So, those who can afford to leave Shenzhen and escape the crazy, have. Many are hanging out in second homes in Dali, but others are young parents, who are enrolling their children in kindergartens in Dali.
Since the 2020 Covid pandemic, Dali has suffered from a lack of tourists. Indeed, many of those who opened small cafes and hostels before the 2020 pandemic, now find themselves making ends meet as delivery people or have been forced to sell off their investments in order to settle debts. The ancient city is open, but many of the shops are closed and the streets do not bustle. However, the 2022 outbreak has mobilized Shenzheners who can afford to wait out the outbreak in the mountains of Yunnan. Moreover, parents who want their pre-school children to play with others have also come to the city to take advantage of the numerous, experimental and unregulated kindergartens and childcare centers, where it is possible to register a child for one week, a month or a semester. Friends who have enrolled their children in Dali institutions emphasize that the quality of education in Dali can’t compete with that in Shenzhen, but the natural environment offers opportunities for boating, hiking and playing that are important for a healthy childhood. And yes, tuition is priced for Shenzhen wallets, especially as facilities that were set up for 15 to 20 children are now facing enrollments of over 40 students.
The above image, for example, is from the Daohe Kindergarten’s webpage, introducing its Dali program. You can click over for a sense of how this natural, slow living alternative to big city problems has been marketed. The organizer, Daohe Academy 道禾教育 is a Taiwanese education organization that has been influential in Shenzhen for its experimental pedagogy. Indeed, five or so years ago, I joined a group of Shekou parents who were visiting Daohe schools in Taiwan to evaluate how the Daohe program could be adapted in Shenzhen. However, the connection between Shenzhen, Taipei and Dali is more extensive than a yearning for better education alternatives. According to a local anthropologist, a Taiwanese investor who had made his money investing in a Shenzhen factory circa 1985 opened one of the first ‘international hippie-style’ hostels in Dali once he had made enough to pursue his California dream circa 1995.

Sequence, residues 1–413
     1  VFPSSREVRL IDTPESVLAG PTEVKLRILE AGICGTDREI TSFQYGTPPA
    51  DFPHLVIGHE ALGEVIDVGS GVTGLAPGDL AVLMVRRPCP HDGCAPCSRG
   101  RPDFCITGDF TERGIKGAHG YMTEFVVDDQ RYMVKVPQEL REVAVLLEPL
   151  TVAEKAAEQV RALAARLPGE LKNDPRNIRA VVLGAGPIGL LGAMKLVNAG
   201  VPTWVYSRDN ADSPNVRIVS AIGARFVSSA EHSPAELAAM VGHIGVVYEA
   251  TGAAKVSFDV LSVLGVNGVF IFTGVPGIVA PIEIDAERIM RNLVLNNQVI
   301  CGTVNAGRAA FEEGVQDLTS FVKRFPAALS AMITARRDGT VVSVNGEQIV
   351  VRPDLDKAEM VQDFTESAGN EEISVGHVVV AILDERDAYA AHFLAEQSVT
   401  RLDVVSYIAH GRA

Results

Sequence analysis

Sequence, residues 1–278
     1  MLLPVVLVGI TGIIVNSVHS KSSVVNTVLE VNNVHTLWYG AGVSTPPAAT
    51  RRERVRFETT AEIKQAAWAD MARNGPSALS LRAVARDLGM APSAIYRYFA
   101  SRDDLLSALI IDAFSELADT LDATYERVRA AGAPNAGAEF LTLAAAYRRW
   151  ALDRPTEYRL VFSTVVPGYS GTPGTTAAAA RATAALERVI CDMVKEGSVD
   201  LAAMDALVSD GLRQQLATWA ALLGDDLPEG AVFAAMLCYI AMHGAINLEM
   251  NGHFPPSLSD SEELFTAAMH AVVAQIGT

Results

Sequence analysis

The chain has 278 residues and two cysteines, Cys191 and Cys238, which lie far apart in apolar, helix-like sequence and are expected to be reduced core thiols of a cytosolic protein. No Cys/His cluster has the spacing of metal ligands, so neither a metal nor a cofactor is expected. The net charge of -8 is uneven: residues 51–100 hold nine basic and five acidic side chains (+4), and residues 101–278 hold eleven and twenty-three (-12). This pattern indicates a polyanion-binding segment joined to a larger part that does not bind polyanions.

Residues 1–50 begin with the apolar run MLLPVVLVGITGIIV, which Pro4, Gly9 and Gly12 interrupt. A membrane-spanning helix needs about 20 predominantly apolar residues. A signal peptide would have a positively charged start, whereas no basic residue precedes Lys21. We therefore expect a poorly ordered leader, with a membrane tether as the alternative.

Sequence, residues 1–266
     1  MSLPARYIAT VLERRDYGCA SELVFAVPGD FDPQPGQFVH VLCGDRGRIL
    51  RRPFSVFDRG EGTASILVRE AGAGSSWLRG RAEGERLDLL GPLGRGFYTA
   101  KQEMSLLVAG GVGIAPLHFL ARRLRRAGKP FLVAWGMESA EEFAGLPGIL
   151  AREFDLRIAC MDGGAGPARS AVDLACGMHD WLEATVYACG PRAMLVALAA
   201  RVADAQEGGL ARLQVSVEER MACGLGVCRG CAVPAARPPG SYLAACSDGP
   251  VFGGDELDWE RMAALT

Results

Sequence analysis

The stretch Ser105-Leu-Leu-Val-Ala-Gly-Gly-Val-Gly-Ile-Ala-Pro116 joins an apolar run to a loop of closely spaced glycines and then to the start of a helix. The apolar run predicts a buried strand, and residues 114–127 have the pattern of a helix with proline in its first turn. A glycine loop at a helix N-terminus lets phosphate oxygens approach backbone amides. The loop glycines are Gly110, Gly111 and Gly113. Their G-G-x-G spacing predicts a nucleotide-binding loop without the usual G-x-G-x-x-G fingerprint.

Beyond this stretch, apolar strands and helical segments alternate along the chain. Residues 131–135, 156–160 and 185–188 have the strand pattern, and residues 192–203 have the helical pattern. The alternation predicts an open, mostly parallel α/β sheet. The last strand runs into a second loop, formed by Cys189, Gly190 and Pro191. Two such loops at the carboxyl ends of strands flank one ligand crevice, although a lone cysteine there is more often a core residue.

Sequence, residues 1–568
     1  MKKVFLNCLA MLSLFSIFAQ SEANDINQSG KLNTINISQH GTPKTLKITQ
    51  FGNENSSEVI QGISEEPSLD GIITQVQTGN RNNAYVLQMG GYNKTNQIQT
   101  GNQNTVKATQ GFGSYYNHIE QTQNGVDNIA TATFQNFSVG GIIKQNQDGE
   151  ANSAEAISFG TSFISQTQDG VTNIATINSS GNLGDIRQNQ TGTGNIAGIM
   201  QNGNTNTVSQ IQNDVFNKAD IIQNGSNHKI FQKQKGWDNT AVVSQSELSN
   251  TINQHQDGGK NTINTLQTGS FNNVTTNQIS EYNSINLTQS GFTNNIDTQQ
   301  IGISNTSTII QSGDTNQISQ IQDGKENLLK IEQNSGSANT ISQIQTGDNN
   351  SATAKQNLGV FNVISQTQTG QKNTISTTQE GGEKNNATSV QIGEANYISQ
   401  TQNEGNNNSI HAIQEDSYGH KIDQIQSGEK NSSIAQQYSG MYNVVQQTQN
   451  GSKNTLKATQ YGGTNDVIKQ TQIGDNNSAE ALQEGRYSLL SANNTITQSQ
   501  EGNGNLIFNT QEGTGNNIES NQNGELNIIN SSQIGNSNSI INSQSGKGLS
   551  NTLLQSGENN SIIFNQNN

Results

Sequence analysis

Many of the young parents currently going Dali to take advantage of the city’s kindergartens don’t have a second home there and their intentions seem temporary, waiting out the Shenzhen lockdown. These families rent rooms in hostels that are located near their chosen kindergarten or childcare center and organize their days around their children’s schedules. The situation is reminiscent of the Wutong Mountain education environment circa 2010, Shenzhen. At the time, many families who had already established themselves in Futian and Nanshan rented an apartment in Wutong Mountain so that their child could take advantage of the area’s natural environment and experimental education facilities. Moreover, as in Wutong Mountain, this generation of Dali migrants these parents tend to be idealistic with a nostalgia for the hippie movement that they never experienced. (That said, as someone who was four years old during Woodstock, I feel their yearning to be part of a utopian movement; I too am nostalgic for the southern California dreamworld that imploded before I attended high school).
All this California dreaming provides the symbolic framework for imaging connections between Haight-Asbury, Taipei, Wutong Mountain and Dali. In fact, the first generation of Dali migrants arrived in the 1990s, they were anti-establishment, arty, smoked weed and let the clouds drift by. It was during those easy days that western backpackers also showed up in the city. Together, they created what became known as “Dalifornia,” a nexus of laidback hedonism, alternative values and (eventually) belief in the possibilities of telecommunications and the internet. Like Cali, after its first burst of idealism, Dali has also become an important hub for real estate development and startups, attracting well-educated, ambitious and idealistic digital nomads. They want the world to be a better place and here, between the valleys of the eastern Tibetan Plateau and the mountains of the western Yungui Plateau they can dream the world otherwise.